Birth Registration Important for Development

UNICEF has released a report with evidence underscoring the importance of counting every child. The report says one in three children born do not exist formally.

This stunning report has prompted UNICEF to vigorously create awareness in developing nations to install and monitor a mechanism of recording child birth.


However the data collected by UNICEF reveals missing gaps of child registration existing in countries.


In Papua New Guinea, birth registration is slowly picking up with birth certificates as a form of recording.


The UNICEF report outlines that birth registration is more than just a right.


 It clearly stamps a child’s identity and guarantees their rights to basic services.


However the majority of the population neglect the opportunity to formally record and submit details of the birth of their children, hindering them to receive services. These services include education, health care and legal services.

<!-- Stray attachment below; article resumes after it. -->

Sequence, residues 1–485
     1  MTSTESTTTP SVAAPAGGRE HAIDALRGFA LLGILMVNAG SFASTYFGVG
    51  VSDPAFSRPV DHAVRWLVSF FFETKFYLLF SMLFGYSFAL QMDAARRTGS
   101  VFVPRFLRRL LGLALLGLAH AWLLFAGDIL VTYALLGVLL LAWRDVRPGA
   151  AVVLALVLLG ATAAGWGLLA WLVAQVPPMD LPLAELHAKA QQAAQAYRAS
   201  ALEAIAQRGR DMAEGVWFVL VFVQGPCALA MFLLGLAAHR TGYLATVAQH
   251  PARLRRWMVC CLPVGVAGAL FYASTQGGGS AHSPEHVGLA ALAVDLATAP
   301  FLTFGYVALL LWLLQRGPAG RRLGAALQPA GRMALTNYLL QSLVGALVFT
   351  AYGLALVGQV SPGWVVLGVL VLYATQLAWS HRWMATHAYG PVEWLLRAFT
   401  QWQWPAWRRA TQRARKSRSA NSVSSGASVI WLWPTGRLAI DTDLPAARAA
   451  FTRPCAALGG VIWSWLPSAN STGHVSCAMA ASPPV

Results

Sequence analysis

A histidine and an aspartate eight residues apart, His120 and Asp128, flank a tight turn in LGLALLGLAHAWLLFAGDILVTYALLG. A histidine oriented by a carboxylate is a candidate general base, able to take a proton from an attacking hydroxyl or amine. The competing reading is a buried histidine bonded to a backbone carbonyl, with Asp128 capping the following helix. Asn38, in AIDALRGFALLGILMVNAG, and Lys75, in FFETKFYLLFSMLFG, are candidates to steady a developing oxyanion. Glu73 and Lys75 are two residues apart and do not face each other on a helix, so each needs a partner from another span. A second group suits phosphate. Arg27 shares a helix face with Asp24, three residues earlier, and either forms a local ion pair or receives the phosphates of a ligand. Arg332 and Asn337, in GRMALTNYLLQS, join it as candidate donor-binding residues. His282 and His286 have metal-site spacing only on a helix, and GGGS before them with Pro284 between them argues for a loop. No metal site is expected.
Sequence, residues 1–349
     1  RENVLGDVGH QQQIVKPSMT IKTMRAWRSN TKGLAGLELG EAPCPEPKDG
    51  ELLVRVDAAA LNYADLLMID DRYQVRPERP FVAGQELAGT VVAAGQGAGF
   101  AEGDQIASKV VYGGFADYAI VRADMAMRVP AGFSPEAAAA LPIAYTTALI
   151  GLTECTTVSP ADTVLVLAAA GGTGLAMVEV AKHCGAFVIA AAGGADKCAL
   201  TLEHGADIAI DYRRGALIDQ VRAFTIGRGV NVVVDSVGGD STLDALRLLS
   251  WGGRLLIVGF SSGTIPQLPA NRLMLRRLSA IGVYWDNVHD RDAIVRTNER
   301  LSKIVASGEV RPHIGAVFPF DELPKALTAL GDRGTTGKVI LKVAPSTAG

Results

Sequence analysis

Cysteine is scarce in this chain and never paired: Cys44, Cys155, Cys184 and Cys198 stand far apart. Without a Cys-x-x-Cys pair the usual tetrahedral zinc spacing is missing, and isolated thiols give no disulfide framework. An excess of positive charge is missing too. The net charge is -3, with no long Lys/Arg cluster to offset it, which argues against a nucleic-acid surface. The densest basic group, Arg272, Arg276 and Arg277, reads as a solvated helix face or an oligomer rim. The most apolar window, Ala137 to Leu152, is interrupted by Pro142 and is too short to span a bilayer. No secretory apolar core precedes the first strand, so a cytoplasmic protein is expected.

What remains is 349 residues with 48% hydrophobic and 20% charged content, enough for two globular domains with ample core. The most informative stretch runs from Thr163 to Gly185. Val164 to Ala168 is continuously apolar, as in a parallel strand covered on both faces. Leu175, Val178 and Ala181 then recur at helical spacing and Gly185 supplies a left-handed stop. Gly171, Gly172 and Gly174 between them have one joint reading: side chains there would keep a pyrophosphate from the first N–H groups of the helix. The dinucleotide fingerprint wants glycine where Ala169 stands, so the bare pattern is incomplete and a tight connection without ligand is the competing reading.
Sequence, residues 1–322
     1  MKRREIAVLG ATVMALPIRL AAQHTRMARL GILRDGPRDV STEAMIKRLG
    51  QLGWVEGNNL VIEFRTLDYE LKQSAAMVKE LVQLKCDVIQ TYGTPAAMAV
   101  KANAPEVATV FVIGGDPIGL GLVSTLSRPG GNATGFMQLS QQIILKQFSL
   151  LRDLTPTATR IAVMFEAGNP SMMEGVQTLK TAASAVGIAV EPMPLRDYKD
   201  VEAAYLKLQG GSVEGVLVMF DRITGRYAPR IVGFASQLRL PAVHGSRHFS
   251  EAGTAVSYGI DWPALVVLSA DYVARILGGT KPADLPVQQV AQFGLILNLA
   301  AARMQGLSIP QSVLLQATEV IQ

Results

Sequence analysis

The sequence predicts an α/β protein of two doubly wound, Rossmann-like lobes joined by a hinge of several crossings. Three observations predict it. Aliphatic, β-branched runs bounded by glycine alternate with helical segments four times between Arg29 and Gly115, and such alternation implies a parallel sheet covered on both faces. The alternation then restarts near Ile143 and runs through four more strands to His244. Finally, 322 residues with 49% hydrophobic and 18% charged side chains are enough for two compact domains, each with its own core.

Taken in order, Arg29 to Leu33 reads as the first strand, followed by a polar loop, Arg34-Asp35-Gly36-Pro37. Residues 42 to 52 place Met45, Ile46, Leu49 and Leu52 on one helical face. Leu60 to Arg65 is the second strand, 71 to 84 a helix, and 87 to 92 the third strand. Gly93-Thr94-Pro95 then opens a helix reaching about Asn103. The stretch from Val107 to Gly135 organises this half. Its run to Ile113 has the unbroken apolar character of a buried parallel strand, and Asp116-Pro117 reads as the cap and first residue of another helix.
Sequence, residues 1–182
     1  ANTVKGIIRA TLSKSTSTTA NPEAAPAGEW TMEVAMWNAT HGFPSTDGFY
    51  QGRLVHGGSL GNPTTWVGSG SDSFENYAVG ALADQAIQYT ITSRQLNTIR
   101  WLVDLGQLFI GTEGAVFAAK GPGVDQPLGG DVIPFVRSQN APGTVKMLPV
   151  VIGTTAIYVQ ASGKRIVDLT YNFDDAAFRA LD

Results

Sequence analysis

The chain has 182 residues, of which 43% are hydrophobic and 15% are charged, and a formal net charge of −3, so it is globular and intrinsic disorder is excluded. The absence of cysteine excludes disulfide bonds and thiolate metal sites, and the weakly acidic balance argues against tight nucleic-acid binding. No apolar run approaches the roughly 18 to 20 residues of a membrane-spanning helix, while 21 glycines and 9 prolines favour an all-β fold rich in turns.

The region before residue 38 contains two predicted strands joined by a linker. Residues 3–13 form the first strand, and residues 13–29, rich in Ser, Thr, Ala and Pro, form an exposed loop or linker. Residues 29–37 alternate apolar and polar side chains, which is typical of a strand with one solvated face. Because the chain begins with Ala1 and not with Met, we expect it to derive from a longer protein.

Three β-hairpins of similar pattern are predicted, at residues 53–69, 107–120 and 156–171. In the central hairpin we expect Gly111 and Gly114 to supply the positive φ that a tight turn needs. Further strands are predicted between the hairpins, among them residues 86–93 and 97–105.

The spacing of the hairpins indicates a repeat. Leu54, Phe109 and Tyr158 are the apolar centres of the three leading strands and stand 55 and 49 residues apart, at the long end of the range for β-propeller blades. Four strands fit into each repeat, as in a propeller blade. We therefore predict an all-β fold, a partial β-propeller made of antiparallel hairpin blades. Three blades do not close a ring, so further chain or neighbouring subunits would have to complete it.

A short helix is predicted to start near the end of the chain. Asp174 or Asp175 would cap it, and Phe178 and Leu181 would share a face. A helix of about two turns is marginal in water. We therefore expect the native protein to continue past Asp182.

This has been the normal practice in PNG communities.


UNICEF describes children unregistered at birth as symptoms of the inequities and disparities in societies.


These are children from certain ethnic or religious groups living in remote areas or being born to uneducated parents.


Currently UNICEF is using innovative approaches with governments and communities to strengthen their civil registry systems.


The report concludes that, birth registration has lasting consequences not only for the child’s wellbeing but also for the development of their communities and country.

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